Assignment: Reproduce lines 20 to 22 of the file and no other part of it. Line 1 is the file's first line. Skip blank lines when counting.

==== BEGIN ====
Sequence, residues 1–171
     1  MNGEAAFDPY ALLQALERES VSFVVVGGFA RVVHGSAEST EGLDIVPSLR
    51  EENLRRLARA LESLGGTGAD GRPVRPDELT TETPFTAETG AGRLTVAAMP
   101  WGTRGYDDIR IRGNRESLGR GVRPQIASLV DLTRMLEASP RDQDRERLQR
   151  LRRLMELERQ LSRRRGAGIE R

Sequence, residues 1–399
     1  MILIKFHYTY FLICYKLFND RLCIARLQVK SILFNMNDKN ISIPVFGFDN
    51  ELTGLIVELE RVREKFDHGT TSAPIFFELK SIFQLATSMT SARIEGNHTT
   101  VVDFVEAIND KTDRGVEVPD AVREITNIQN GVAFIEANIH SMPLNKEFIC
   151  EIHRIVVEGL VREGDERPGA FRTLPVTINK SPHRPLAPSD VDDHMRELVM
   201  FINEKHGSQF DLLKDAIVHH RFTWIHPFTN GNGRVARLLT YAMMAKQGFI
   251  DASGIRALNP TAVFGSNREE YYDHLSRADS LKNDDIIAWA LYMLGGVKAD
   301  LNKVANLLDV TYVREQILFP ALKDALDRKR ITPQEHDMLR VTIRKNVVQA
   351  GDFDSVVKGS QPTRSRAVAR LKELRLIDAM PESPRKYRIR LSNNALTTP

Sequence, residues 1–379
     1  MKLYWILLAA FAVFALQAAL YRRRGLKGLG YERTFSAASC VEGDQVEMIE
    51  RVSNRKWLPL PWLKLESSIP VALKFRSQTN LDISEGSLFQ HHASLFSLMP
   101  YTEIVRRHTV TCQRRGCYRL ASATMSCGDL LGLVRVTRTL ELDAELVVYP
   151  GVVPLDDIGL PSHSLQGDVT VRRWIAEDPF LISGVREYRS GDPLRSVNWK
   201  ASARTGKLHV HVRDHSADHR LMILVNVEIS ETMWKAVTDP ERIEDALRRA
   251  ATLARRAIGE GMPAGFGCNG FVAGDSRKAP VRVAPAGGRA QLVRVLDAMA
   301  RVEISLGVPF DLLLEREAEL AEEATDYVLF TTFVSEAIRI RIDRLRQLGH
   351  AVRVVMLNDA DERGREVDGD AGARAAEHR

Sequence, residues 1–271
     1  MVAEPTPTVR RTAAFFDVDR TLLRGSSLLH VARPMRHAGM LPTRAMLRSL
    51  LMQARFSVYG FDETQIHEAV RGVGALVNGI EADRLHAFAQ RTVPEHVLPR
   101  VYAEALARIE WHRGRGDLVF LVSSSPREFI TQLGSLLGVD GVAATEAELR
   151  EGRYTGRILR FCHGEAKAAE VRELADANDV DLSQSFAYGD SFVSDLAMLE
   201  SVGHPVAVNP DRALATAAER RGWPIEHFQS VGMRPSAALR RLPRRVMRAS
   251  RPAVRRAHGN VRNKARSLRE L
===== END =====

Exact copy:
   201  ASARTGKLHV HVRDHSADHR LMILVNVEIS ETMWKAVTDP ERIEDALRRA
   251  ATLARRAIGE GMPAGFGCNG FVAGDSRKAP VRVAPAGGRA QLVRVLDAMA
   301  RVEISLGVPF DLLLEREAEL AEEATDYVLF TTFVSEAIRI RIDRLRQLGH